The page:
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Old 09-16-2007, 07:55 PM   #1
Dave the Brewer
 
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I'm still soaking up info. If I brew a batch less five gallons; maybe two or three gallons. Would I use the same amount of yeast as a five gallon batch or half the amount? If I did use the same amount of yeast as a five gallon batch, and it wasn't necessary how would it affect the fermentation. Thanks guys!

P.S. I think I am having just as much fun collecting info as I will making the beer!

 
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Old 09-16-2007, 07:56 PM   #2
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How much do you pitch in the 5 gallons?

It's difficult to over pitch. I'd pitch the same amount.
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Old 09-16-2007, 07:57 PM   #3
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Shouldn't make any difference. I over-pitch all the time.

All you'll be doing is accelerating the fermentation. People repitch onto existin yeast cakes all the time, and that is enough yeast to do 3-4 batches.

 
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Old 09-16-2007, 08:28 PM   #4
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It depends on the style/recipe of beer you are brewing, but it is generally hard to over-pitch. Much better to knowingly put in a bit too much than too little!

 
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Old 09-17-2007, 01:15 PM   #5
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If you are using a dried yeast, there is no point in trying to save part of a packet. The yeast dies rapidly once the seal is broken. If you use liquid yeasts without a starter, you're under-pitching regardless.
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Old 09-17-2007, 01:48 PM   #6
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Quote:
Originally Posted by david_42
If you use liquid yeasts without a starter, you're under-pitching regardless.
For two or three gallons of wort? Why would you say that?

 
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Old 09-17-2007, 10:17 PM   #7
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gotta agree with flyguy, there are liquid yeasts that are supposed to be a pitchable quantity, like Wyeast Activator packs and White Labs vials.

half the reason for making a starter is to make sure the liquid yeast survived all its transportation (especially hot summer months) and to wake the yeast up and get it active, so you don't have lag time in primary.

the other half, of course is to make a massive yeast population.
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Old 09-17-2007, 10:31 PM   #8
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Quote:
Originally Posted by FlyGuy
It depends on the style/recipe of beer you are brewing, but it is generally hard to over-pitch. Much better to knowingly put in a bit too much than too little!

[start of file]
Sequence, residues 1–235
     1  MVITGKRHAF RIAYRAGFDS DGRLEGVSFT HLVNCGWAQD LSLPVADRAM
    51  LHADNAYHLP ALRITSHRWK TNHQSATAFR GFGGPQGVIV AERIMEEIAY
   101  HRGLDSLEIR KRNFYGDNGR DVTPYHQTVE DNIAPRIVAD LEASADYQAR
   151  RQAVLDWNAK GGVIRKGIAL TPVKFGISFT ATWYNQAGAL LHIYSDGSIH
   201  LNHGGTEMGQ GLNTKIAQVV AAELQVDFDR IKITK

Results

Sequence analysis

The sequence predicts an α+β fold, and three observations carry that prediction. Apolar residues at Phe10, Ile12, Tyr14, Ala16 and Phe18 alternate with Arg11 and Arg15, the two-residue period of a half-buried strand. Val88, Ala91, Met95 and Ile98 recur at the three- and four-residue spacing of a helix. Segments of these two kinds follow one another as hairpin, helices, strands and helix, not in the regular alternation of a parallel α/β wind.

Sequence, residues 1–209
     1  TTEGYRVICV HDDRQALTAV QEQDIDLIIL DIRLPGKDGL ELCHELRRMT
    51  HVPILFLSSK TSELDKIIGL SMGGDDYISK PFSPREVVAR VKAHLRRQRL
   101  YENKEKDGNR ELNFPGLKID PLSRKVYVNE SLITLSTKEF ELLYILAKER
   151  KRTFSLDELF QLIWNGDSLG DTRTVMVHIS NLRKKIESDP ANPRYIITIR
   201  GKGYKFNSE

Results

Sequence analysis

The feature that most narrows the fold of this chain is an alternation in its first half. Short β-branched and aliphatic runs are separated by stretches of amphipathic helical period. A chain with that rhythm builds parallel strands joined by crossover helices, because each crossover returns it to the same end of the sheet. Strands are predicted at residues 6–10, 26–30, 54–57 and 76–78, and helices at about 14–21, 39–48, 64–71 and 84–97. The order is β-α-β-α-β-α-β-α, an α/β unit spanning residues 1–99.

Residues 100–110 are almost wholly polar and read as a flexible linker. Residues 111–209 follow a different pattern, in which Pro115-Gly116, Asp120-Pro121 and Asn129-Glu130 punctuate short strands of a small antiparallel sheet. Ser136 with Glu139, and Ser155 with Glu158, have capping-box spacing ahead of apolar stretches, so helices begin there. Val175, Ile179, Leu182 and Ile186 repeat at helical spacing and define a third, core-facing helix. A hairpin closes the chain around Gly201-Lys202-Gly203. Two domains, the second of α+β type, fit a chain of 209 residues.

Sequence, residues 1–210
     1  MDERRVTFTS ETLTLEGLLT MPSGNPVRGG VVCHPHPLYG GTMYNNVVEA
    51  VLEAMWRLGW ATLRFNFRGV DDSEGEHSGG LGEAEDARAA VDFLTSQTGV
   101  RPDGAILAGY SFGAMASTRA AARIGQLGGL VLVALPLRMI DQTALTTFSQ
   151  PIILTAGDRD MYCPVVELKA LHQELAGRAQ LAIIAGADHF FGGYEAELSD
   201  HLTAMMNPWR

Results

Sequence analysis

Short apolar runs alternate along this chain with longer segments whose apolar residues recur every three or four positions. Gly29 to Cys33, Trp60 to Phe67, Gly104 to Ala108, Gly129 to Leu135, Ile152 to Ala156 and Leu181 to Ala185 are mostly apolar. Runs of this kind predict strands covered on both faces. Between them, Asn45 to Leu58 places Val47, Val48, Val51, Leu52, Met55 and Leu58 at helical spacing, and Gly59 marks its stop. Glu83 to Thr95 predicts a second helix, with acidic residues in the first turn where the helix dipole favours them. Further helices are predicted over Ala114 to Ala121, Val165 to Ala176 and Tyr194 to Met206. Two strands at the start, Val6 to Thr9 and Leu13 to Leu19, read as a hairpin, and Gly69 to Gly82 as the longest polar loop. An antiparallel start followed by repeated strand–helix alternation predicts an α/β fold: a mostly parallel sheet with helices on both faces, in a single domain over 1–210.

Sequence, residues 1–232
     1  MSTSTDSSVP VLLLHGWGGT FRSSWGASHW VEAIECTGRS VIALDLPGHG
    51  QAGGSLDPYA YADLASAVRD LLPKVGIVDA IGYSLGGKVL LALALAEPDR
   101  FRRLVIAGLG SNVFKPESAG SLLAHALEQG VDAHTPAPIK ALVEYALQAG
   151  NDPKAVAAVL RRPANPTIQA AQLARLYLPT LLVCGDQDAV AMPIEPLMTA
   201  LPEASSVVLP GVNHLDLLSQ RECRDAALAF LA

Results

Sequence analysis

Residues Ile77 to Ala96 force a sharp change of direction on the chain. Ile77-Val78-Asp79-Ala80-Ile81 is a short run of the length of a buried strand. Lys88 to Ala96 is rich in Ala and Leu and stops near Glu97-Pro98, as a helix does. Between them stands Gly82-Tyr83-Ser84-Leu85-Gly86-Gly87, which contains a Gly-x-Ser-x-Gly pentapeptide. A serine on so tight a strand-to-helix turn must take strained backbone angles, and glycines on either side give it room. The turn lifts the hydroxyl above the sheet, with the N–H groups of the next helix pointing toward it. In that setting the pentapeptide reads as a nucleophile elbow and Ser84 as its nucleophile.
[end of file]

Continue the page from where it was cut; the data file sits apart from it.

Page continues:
I was listening to the Jamil Show recently and Chris White, of White Labs, was answering some questions about yeast. He said that it, generally it is better to under pitch than to over pitch, and Jamil agreed. Chris said that you want a lag time of around 6-8 hours, for proper yeast growth and development, and that a short lag time is not necessarily good for the yeast. I found it interesting, but it is generally pretty hard to over pitch. I'm not sure whether I agree or disagree, but he made some good points.

 
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Old 09-17-2007, 10:45 PM   #9
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Quote:
Originally Posted by Iordz
I was listening to the Jamil Show recently and Chris White, of White Labs, was answering some questions about yeast. He said that it, generally it is better to under pitch than to over pitch, and Jamil agreed. Chris said that you want a lag time of around 6-8 hours, for proper yeast growth and development, and that a short lag time is not necessarily good for the yeast. I found it interesting, but it is generally pretty hard to over pitch. I'm not sure whether I agree or disagree, but he made some good points.
Yeah, good point. Yet the practical side is over-pitching shouldn't be a big concern for homebrewers because effectively over-pitching is so much harder to do than under-pitching. Under-pitching is easy to accomplish -- especially for brewers who don't want to make up a sufficient starter or multiple packages of yeast, especially when brewing a bigger beer. OTOH, over-pitching is hard to accomplish unless you had your mind set on throwing in a whole bunch of packages of yeast, or making one huge starter inappropriate for the brew.

Of course one notable exception would be re-pitching an entire yeast cake from one batch onto a new one. That is when I would really think carefully about the advice you mention above! Excellent point you bring up!


 
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